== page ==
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Helicoverpa armigera (Hübner, 1808) (old world cotton bollworm)
The moth is widespread in southern Europe, Africa, Asia and Australia/Pacific, where it is a serious, highly polyphagous pest of cotton, maize, tomatoes and many other crops. It is also found in central and even northern Europe during the summer. It is frequently intercepted by quarantine in America and since 2012 has been recorded from Brazil where it is already associated with substantial crop damage (Mastrangelo et al., 2014). The South American population has been shown to hybridise with the native Helicoverpa zea (see Anderson et al., 2018).
The larvae prefer the buds, flowers and fruits, but may also damage the leaves. On cotton, it bores into the bolls, causing shedding of the bolls and inferior lint quality. The species is considered economically to be one of the most important insect pests world-wide. The insect is found in a wide range of climates and has adapted to tropical, subtropical and temperate conditions.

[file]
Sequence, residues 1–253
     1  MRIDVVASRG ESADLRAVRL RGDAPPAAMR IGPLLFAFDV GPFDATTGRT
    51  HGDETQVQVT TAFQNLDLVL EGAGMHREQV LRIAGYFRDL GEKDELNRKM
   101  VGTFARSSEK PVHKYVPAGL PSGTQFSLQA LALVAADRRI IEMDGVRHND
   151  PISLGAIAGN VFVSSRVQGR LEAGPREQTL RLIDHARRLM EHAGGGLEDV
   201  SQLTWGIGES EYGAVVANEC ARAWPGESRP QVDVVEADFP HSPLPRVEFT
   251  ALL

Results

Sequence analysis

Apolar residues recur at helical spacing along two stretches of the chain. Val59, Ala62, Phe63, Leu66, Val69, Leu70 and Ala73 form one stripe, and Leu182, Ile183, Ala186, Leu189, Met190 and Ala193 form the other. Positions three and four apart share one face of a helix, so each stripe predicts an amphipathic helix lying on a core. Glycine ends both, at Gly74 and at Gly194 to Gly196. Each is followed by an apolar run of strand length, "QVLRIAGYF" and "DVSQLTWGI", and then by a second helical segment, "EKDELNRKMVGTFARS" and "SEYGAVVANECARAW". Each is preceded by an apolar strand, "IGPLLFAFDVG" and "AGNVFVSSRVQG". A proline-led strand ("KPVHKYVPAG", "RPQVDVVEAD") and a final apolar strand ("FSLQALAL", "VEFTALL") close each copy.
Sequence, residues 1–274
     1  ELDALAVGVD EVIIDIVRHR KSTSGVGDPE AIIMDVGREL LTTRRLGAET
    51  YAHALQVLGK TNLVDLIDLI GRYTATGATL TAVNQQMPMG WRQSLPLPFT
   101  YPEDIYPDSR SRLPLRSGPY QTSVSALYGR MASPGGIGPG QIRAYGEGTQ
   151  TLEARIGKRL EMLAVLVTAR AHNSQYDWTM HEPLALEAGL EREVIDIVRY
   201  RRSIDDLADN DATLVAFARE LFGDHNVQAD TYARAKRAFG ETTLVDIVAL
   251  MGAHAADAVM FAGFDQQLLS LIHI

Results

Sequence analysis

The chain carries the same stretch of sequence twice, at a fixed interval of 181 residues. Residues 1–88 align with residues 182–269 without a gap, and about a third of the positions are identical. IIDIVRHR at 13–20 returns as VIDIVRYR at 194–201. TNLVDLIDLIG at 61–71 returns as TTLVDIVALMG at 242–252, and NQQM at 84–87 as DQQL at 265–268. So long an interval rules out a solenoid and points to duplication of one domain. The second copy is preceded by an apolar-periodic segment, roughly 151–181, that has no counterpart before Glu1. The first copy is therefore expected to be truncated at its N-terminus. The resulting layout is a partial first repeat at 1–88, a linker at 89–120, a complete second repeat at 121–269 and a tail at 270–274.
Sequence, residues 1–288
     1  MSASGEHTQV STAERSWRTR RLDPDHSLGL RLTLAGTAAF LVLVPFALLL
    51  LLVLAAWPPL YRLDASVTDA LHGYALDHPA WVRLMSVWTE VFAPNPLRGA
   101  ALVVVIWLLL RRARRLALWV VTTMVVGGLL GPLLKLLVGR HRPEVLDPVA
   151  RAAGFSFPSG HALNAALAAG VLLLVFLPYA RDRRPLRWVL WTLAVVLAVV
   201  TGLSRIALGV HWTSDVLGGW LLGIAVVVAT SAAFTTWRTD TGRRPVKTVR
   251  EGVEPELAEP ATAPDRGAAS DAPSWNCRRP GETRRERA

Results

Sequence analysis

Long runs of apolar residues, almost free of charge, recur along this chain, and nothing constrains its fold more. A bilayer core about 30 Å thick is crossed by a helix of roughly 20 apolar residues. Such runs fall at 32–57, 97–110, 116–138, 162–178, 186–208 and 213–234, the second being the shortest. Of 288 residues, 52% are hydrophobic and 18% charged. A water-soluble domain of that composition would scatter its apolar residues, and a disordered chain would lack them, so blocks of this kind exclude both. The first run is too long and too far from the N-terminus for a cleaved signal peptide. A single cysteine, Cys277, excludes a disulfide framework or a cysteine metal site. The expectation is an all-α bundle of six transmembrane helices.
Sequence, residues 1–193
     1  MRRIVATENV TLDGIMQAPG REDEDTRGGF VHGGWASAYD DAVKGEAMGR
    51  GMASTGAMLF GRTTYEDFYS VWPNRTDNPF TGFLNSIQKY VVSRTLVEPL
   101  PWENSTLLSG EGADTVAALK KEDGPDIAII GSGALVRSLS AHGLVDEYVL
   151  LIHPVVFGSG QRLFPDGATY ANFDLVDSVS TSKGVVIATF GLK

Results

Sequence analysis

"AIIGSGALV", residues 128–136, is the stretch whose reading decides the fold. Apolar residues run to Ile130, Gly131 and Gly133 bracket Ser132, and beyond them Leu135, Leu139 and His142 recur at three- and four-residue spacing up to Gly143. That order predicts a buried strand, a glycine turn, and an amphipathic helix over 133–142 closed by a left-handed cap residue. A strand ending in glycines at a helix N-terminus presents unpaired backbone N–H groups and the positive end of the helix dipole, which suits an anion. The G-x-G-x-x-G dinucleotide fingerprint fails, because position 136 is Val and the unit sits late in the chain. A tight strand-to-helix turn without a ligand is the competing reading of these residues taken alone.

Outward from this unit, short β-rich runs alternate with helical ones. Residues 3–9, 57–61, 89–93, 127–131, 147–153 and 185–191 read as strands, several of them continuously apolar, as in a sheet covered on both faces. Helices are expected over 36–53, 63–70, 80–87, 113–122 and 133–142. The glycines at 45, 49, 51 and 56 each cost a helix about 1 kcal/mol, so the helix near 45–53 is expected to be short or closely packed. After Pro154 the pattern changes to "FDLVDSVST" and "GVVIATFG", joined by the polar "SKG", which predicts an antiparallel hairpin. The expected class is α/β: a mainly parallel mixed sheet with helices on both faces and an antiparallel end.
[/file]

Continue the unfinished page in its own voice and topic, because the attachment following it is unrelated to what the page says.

|• English:||old world cotton bollworm
gram pod borer
|• Español:||oruga del tomate|
|• Français:||noctuelle de la tomate|
The development time for the larvae lasts from about 30 days at 20°C to about 20 days at 25°C. In temperate regions, it might enter a pupal diapause during the winter. Under favourable conditions the total development time from egg, over 6-7 larval stages, to mature adult might be as short as 5-6 weeks and the insect can go through up to 4 generations per year.
The adults have a wingspan of 3½-4 cm. There is considerable variation in colour both on the adults and the caterpillars, the latter reach a length of about 4 cm. It its most closely related to Helicoverpa zea of the New World and both species are able to interbreed.
For more details see the respective page in Wikipedia.